Never Never Land

Some things I’ve learned in writing lately are to never presume, never expect and never relent.

It’s easy to fall into that complacent place where you feel like you’ve won a great battle when you finish a story. Recently, I finished an original short story, the first thing I’ve truly accomplished writing-wise in months and the feeling was fantastic. It reminded me why I write, why I decided to write seriously. My writing process for this short story was fairly simple. I had written an outline a year or two ago, after a brainstorm “hashing-it-out” session with one of my besties. I came up with two versions of the story. One would be short and one in case inspiration went wild, just in case the story turned into a short novel. I sat down the other day intending to work on this project for my friend and the words flowed fairly easily. I’ll admit I had a few moments where I had to drag myself back into the story and into the “mood”. I listened to a lot of Sigur Ros to find the right atmospheric blend of wonderment, soul and mystery. After crossing my fingers and hoping it would translate onto the page, I let the fingers loose again. Amazingly, I finished within a week or so of picking this story up. While a part of me wanted to take the story to deeper dramatic heights, I liked leaving it where it ended. Instead of pushing the imagination too far, I wanted to leave the reader with a sense of realism. And of course, I wanted to leave the reader with the hint and possibility of magic. When it’s published, you can read the story and tell me for yourselves what you think. I’ll let you know when to look for it.

So yay! One story down! After months-long hiatus I felt back on my game and decided to relax a bit. I presumed it would be easy for me to jump right into the next story. But the past couple of times I’ve sat down to begin a new story, this time a full-length novel, I froze. I realized just because I had planned things out to the best of my ability, just because I had that rushing high of finishing a story, didn’t guarantee instant inspiration. Just like before, I have to open the document and make myself write. I’ve read a lot of blogs and articles written by fellow authors, and begun Stephen King’s memoir “On Writing”. The culmination of these has filled me up with brilliant advice and again the lingering fear. I suppose it’s because when you start a new project, with the daunting task ahead of you, there is a pressure to get it “just right”. I have to remind myself often that I can’t expect to get everything together the first draft. As a matter of fact, I don’t want to get it together the first draft. It should be like the initial sketch of a larger and more refined piece. The detail and suggestion of color and line should be there, but it won’t bedazzle you right away. It will serve as a guide, which brings me to my last point.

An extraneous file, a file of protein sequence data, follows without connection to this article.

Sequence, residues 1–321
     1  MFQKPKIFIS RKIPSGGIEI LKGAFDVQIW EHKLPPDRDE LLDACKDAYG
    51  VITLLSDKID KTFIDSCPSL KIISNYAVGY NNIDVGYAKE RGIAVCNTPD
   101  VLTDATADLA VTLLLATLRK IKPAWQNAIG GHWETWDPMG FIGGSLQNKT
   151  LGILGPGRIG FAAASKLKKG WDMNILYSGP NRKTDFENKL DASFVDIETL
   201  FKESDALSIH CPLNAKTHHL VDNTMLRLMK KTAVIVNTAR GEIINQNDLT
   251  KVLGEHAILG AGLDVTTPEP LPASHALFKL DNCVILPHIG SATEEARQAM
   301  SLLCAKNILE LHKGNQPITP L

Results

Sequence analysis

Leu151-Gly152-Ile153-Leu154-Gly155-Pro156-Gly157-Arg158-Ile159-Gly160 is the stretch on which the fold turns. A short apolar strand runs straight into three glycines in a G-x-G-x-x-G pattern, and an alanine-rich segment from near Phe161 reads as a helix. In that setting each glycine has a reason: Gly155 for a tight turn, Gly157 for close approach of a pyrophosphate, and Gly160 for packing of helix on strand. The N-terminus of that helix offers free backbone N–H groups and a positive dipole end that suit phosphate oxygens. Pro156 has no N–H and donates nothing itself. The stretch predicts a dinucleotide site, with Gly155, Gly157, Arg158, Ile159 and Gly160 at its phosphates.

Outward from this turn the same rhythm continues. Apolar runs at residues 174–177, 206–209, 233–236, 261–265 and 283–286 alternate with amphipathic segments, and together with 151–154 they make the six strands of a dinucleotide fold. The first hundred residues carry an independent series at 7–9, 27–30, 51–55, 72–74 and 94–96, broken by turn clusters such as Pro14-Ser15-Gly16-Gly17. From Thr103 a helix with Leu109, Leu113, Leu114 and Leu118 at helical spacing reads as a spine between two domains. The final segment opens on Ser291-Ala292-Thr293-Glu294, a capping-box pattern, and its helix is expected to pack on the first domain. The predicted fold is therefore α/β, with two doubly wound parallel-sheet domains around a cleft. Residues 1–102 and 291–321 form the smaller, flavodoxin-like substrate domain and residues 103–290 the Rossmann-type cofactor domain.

Writing is hard work. Sometimes I find myself dancing around in a muddled paragraph riddled with description. I love words, but I love words that paint pictures most of all. And when I write dialogue, I have to read it aloud a lot of times. Because, trust me, something you write a character saying will sound a lot different out loud. I’ve had a lot of moments where I read something to a friend or myself and cringed or just thought, “how corny!” Other times I find those filler moments almost impossible to work for me, like my character refuses to go from point A to point B.

Something Mr. King, long may he reign, has taught me recently is there are too many wasted words in novels. I could probably glean through this article and take out at least fifty and you would get the full meaning of my story. In spite of all my struggles and flaws, however, I will continue writing the same way I keep on sketching or practice an impossible piece on piano. With each sketch and every session I work through the music, it becomes clearer. That is what I will endeavor to do with my next novel. I have a fairly big goal (more on fall/winter goals later) to reach by the end of this year. I will do my best not only to write a little bit every day, but keep y’all posted on the progress and the process.

Much love to those of you who have read this. Speaking of reading, if you haven’t read Laini Taylor’s “Daughter of Smoke & Bone” you better click on this link or go to your nearest bookstore and purchase now. It is, in a word, sublime.

About jennifersilverwood (459 Articles)
Jennifer Silverwood was raised deep in the heart of Texas and has been spinning yarns a mile high since childhood. In her spare time she reads and writes and tries to sustain her wanderlust, whether it’s the Carpathian Mountains in Transylvania, the highlands of Ecuador or a road trip to the next town. Always on the lookout for her next adventure, in print or reality, she dreams of one day proving to the masses that everything really is better in Texas. She is the author of the Heaven’s Edge series, Stay and Silver Hollow.

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